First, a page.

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Extradition Law & European Arrest Warrants

Partners at Law Solicitors were recently involved in an extradition case which is currently the subject of an appeal by the Minister for Justice and Equality to the Supreme Court. The matter proceeded before the High Court, where the surrender of our client was sought pursuant to a European Arrest Warrant. Matters proceeded to full hearing with judgement delivered on 13 January 2020.

The EAW issued from Romania, with assistance being sought on the grounds that the respondent had failed to appear in person at trial.

Two points of objection were pursued on behalf of the respondent at hearing before the High Court, namely

  1. The respondent was not properly served with a summons to court in Romania and was not present in court, or represented in court, on the occasion when the Romanian Court adjudicated upon the matter and passed sentence. Further, the respondent was not guaranteed a retrial to remedy this deficiency if he was to be returned to Romania.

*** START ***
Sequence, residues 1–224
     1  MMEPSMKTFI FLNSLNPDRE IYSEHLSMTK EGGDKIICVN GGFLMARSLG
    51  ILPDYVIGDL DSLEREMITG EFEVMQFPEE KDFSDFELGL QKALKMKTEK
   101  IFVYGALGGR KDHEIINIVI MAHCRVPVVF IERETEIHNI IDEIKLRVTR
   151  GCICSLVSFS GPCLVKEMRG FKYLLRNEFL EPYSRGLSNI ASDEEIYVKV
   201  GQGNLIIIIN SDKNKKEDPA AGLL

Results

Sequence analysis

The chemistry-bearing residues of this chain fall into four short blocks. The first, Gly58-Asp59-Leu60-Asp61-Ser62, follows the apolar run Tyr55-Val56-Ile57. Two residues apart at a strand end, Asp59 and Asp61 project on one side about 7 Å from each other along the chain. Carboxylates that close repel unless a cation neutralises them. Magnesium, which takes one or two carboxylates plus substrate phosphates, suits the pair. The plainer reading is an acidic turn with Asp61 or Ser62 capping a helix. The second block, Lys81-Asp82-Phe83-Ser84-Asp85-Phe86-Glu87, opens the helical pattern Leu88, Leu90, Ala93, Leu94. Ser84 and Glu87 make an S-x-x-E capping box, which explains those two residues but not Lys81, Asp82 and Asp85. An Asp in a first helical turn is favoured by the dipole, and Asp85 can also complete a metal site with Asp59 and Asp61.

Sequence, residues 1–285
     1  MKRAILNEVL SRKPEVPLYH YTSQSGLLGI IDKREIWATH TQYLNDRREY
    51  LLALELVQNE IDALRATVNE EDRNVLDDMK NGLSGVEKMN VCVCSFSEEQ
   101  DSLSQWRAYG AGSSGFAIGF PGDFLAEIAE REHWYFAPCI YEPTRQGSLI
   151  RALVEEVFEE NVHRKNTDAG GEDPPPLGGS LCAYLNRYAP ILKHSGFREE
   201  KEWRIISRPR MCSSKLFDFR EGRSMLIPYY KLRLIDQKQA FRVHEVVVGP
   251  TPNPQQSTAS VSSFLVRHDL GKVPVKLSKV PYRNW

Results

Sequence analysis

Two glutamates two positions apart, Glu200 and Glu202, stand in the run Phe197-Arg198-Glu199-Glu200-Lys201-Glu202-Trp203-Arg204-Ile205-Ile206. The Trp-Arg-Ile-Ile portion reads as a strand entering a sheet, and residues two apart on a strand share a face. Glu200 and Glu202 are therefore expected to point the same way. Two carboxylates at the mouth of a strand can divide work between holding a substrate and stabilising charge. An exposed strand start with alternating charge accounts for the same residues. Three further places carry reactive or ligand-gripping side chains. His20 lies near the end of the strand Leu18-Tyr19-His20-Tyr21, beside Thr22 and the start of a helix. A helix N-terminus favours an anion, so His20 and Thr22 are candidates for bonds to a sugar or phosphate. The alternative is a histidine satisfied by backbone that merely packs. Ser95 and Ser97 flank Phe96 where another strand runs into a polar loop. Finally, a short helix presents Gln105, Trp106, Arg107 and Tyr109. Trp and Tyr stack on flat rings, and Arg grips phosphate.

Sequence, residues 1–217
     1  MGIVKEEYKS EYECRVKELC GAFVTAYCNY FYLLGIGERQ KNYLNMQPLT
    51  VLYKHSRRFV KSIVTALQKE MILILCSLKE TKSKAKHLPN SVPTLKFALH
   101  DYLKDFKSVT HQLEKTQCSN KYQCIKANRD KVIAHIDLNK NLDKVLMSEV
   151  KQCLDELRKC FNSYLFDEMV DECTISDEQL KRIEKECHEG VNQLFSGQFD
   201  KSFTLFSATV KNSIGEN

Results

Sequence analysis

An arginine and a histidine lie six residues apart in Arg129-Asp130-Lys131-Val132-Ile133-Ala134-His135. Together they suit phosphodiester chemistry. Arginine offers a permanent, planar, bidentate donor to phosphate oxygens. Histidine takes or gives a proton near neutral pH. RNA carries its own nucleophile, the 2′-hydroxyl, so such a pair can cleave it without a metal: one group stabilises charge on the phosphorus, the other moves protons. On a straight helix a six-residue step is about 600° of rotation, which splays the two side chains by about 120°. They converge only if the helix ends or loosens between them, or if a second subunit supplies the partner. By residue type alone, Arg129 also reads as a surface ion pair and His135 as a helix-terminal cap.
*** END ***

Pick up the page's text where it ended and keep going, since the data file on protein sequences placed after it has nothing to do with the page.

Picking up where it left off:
2. The surrender of the respondent would constitute a contravention of Articles 38.1 and 40.4.1 Bunreacht na hÉireann and/or would be incompatible with the obligations of the State under Article 6 of the European Convention of Human Rights, and is therefore prohibited by Section 45 of the 2003 Act.

Section 45 of the 2003 Act states that an individual shall not be surrendered under the Act if the person does not appear in person, subject to various conditions regarding notification. The High Court opined that if service was executed by post, the individual will not be surrendered unless it can be proved that the communication was received.

Paragraphs of the EAW were deemed to be incorrect and not in satisfaction of Section 45 of the 2003 Act. Firstly, the Romanian authorities indicated that the respondent received notification of the determination of the Court of trial. Secondly, the EAW indicated that the respondent was legally represented at hearing. Upon the High Court seeking information from the Romanian authorities it was clear to the court in this case that the respondent was not personally served and the respondent was not legally represented at the appeal hearing.

The High Court was not satisfied unequivocally that Section 45 of the 2003 Act was complied with and refused the Minister’s application on those grounds.

By Alice Jago trainee solicitor at Partners at Law.

To find out more about extradition law please contact Andrew Vallely on 2800340 or avallely@pals.ie